I was the paranoid type for the boys’ first four months and always wondered if they were getting enough nutrition. They weren’t great nurses in the beginning, so we kept up with our supplementing routine, but by 3 weeks I was pumping enough that we switched them off formula and they exclusively got breast milk supplements. I’d get the mini-bottles with an once or two of milk prepped and ready to go next to the couch or armchair, and then after they nursed I’d just grab those bottles and feed them in the same position. Along with other HDYDI moms, we also tandem bottle fed them in boppies on either side of us, as well as in their bouncy seats. I occasionally found myself in a situation where I had to bottle feed one and breastfeed the other (don’t ask), and I would treat this the same way as tandem nursing. Same position, but I held a bottle for one while the other nursed. Krissy nursed her baby girl (and still does!), while has pumped and bottle fed her lil’ guy after his nursing strike at four months. She does it the traditional style of feeding one after the other. Just be assured that whatever scenario of breastfeeding/bottlefeeding you might find yourself in, you WILL find some incredibly resourceful and creative way to accomplish the goal at hand. You’re a twin mom, after all!

Pumping, Pumping, Pumping

I’m going to defer to CraftyLissa’s recent post on pumping, as it’s chock full of fantastic advice. I was a serial pumper and was hooked up to that darn machine ten times a day until the babies hit 6 weeks. I don’t recommend it, but if you have to do it, you have to do it. I then “weaned” myself to pumping only in the evenings, usually three times (twice before bed and once in the middle of the night). It was just too hard for me to pump during the day while I was by myself with the boys. Just remember that you are producing A LOT of milk to feed two babies, so use your pump wisely to “relieve” yourself when it’s necessary, especially when you are weaning or reducing their number of feedings, etc. I ended up with plugged ducts on several occasions, and mastitis once, on account of engorgement. Trust me, you’ve got enough on your plate and don’t want to add this to it. I highly recommend reading Cheryl’s experience with mastitis in Twinspiration. I was so glad I did, because when I noticed the warning signs (hard lumps in boobs, red blotches, fever, feeling like utter crap), I high-tailed it to the doctor and got antibiotics to clear it up right away. And if you’re not pumping to get as much milk out while all this is going on, lord help you.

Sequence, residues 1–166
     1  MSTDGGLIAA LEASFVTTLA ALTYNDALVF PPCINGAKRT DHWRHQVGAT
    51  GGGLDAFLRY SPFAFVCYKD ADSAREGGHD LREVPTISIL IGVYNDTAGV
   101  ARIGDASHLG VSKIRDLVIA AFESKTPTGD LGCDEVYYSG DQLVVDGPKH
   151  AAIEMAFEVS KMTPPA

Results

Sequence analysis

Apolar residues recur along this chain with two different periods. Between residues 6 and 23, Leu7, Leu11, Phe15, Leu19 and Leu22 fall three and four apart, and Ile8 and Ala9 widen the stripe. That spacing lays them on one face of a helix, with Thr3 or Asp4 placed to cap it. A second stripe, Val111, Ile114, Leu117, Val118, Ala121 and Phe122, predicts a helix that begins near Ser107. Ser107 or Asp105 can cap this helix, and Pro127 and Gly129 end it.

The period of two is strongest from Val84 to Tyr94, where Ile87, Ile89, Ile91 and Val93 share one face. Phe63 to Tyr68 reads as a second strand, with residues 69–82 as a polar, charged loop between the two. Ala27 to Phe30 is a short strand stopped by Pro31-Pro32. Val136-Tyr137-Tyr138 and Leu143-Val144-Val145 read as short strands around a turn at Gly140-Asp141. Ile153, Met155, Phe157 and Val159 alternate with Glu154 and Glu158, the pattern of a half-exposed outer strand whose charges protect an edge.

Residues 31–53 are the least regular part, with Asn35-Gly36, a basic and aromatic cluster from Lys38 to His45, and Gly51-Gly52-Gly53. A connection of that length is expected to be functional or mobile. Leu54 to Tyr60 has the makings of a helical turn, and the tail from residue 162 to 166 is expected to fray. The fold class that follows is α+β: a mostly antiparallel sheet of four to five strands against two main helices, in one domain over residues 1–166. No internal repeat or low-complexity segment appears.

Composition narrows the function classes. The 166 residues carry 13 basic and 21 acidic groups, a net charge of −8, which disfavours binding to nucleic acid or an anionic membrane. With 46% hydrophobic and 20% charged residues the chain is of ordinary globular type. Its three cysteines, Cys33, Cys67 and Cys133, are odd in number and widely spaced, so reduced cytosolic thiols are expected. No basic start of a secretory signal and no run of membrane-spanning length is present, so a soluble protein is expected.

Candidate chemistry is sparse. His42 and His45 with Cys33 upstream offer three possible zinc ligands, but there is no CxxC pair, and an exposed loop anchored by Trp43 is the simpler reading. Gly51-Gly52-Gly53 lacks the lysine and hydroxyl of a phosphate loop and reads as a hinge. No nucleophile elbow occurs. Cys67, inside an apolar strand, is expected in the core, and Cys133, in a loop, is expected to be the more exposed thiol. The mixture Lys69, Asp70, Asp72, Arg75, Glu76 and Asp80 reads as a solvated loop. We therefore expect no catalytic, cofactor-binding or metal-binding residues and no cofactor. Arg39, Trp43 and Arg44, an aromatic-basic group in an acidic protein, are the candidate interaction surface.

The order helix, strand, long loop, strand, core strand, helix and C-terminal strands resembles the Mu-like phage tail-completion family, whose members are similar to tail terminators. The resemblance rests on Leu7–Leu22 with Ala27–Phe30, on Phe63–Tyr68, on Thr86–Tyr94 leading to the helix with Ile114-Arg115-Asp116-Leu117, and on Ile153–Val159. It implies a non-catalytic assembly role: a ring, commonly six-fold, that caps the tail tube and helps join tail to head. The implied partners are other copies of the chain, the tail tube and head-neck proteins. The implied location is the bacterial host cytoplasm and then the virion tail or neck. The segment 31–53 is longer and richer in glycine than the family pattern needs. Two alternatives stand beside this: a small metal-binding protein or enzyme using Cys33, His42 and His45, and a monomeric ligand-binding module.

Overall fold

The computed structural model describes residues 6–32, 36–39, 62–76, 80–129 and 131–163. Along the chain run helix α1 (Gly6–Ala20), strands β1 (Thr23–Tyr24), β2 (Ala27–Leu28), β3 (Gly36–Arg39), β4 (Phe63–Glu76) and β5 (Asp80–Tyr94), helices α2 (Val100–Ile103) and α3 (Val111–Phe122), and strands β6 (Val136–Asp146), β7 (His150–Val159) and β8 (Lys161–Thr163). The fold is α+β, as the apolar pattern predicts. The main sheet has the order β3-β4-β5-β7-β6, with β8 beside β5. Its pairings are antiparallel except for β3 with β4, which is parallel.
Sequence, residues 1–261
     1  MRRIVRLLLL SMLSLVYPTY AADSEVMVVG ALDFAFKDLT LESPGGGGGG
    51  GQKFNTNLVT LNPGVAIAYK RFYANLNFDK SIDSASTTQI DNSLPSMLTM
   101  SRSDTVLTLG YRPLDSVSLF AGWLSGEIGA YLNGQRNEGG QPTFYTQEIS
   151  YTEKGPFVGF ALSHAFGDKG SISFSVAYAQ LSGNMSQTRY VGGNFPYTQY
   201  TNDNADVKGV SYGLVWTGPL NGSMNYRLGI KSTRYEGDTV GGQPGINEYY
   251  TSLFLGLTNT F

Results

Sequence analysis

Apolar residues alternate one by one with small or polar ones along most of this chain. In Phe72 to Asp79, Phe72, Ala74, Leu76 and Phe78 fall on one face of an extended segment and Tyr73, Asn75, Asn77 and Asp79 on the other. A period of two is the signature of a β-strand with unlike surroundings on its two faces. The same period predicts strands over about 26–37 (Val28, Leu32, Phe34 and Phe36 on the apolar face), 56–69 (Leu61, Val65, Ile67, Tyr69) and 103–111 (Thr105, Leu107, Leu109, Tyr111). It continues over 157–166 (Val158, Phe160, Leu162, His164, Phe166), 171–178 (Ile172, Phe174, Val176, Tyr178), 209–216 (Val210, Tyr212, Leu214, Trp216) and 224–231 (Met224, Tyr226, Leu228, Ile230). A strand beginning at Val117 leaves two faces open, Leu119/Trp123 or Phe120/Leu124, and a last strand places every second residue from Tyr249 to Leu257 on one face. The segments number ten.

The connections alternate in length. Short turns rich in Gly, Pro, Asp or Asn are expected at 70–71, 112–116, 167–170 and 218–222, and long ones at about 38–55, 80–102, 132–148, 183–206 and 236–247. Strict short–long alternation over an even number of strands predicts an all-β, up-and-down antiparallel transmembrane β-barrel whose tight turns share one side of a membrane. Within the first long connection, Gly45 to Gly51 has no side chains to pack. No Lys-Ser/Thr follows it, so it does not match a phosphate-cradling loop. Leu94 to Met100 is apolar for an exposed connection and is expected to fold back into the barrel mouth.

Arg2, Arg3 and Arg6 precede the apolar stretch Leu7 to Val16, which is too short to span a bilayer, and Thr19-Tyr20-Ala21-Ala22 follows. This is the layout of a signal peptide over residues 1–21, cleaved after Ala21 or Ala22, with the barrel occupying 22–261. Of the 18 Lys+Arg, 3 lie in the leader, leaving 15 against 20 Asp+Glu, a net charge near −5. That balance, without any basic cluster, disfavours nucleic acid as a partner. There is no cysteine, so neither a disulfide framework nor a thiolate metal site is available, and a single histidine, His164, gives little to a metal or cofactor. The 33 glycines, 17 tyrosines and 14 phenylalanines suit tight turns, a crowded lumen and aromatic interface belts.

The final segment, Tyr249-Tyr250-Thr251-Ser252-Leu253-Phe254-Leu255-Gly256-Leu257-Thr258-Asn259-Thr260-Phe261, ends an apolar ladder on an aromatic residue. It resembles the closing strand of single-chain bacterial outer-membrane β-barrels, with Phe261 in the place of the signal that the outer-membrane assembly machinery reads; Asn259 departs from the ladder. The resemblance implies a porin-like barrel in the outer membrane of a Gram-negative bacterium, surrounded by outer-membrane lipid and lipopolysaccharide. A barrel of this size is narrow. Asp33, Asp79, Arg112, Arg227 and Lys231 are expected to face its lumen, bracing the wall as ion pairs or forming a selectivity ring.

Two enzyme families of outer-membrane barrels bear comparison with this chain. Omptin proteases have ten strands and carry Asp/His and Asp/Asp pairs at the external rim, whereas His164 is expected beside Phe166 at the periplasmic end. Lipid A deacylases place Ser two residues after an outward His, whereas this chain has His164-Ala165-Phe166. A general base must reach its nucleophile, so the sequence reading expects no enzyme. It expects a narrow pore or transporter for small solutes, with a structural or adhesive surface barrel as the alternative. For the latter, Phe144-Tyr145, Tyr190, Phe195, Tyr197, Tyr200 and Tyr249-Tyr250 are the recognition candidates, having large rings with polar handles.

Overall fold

As much as pumping stinks, you can make the most of it by strapping on the porno tube top (aka hands-free pumping bra) and taking some time for yourself to eat, meditate (the droning sound of the motor is a great mantra), and of course, read the recent posts of How Do You Do It! Be careful though about catching a snooze while you pump. This happened to me one time as I pumped before bed and I woke up an hour later with overflowing catch bottles and sore-as-heck nipples.